Every notable Big K.R.I.T. release has served a purpose. K.R.I.T. Wuz Here was an introduction of sorts; a coming out party to let everyone know who he was. Return of 4 Eva was his project to bear more of his soul. 4 Eva N A Day was the concept record based on “a day in the life” of K.R.I.T. Therefore, Live From The Underground serves a particular position: enlightenment on the underbelly happenings of southerners through country rap tunes.

 

Many people missed this fact when they listened to the album. They either didn’t feel it measured to his previous material or was imbalanced (too much “carnal slams” and not enough “earthly jams”.)

 

Sorry, Charlie. This is that album to make people understand the southern in its dirtiest proposition.

 

If the listener pays attention to the references of the album, they will understand. Jams like “Cool To Be Southern” and “I Got This” are so countrified that one can feel the essence of harmonica playing, fried food eating, and jook joints in their aura. The carnal intentions of Memphis/Texas influenced “Money On The Floor”, the hormonally charged “What U Mean”, and the late-night-creep gone wrong “My Sub Pt. 2” alludes to street lore that occurs. “Pull Up” is dedicated to riding clean in the most admirable vehicle in the hood. In short, many of the songs shed an introspective light of shifty happenings in the hood. Yet, those shifty happenings bring about some social understanding and reflection.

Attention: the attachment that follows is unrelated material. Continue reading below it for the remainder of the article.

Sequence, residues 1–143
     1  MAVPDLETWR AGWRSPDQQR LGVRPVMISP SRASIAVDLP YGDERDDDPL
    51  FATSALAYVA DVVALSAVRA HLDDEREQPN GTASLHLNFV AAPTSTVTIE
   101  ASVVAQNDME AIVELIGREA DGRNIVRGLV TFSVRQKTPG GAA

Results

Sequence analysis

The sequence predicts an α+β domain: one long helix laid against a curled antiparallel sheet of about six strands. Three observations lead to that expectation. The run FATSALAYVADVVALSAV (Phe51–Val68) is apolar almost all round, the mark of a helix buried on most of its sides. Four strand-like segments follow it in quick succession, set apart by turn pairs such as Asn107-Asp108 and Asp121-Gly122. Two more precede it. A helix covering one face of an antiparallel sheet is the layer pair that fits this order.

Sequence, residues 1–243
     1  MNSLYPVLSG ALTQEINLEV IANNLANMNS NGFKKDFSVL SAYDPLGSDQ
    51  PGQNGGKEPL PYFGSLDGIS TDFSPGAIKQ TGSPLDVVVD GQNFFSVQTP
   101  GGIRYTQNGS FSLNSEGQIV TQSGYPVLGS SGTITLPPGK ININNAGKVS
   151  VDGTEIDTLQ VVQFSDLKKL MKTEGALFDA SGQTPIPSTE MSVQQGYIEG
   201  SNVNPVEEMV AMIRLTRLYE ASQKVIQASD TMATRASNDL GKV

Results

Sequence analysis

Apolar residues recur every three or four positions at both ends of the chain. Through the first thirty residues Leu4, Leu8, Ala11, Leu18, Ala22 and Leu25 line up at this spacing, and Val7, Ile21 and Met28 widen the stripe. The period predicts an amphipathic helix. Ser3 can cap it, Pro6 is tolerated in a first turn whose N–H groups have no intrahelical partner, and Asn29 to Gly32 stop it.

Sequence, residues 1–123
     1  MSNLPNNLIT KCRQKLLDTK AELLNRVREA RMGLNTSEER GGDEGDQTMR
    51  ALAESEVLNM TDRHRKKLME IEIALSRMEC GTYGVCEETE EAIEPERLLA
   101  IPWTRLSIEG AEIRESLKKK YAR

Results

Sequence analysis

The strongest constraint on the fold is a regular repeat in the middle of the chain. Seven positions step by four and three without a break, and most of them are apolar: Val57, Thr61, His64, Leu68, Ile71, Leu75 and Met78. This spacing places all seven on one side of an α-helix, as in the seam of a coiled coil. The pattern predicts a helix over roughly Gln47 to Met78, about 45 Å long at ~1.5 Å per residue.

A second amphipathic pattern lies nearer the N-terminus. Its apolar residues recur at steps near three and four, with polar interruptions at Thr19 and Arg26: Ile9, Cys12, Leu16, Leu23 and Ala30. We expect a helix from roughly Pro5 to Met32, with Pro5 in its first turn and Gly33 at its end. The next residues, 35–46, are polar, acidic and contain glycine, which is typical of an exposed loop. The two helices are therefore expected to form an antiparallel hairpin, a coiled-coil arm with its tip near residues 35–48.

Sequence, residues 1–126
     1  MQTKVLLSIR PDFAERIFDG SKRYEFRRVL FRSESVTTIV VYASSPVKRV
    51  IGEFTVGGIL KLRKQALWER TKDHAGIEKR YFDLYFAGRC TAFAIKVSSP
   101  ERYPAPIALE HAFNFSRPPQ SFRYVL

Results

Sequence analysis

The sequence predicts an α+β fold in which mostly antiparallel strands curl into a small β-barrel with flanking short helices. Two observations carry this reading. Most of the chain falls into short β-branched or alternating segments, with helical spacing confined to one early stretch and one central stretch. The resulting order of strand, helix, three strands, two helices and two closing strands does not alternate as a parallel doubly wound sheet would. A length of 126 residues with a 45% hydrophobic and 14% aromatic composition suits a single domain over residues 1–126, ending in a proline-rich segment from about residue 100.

“Porchlight” reminds us of the dedication of late night work for the greater good (legal or illegal). “Don’t Let Me Down” looks at the harmful side of hood activities and the depression it causes. Even with historical references to slavery (Underground Railroad) are apparent on “Praying Man”. From the positive, to the historical, there is always something dealing with the “underground” on this album.

 

Live From The Underground is the quintessential album to explain and analyze the “southern underground”. All the violence, sexual mishaps, crime, poverty, struggle, and historical understandings are explained for the sake of exposing and understanding its hidden truths. Maybe the album serves as a reminder of what we already understand. Or maybe it exists to present some understanding to those that don’t get it. Whatever the case may be, K.R.I.T. presented an album exposing the underbelly for examination. With a jamming soundtrack and sophisticated lyrics, he should be applauded. My suggestion: pay attention because everything has a determination and a reason.

 

 

Album review submitted by contributing writer, Mark A. Harris.

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3 Responses

  1. Marlow Caine

    I’m go give K.R.I.T another chance; he seem to try to hard to be lyrical to me and his flow just don’t come across smooth to me.

    Reply

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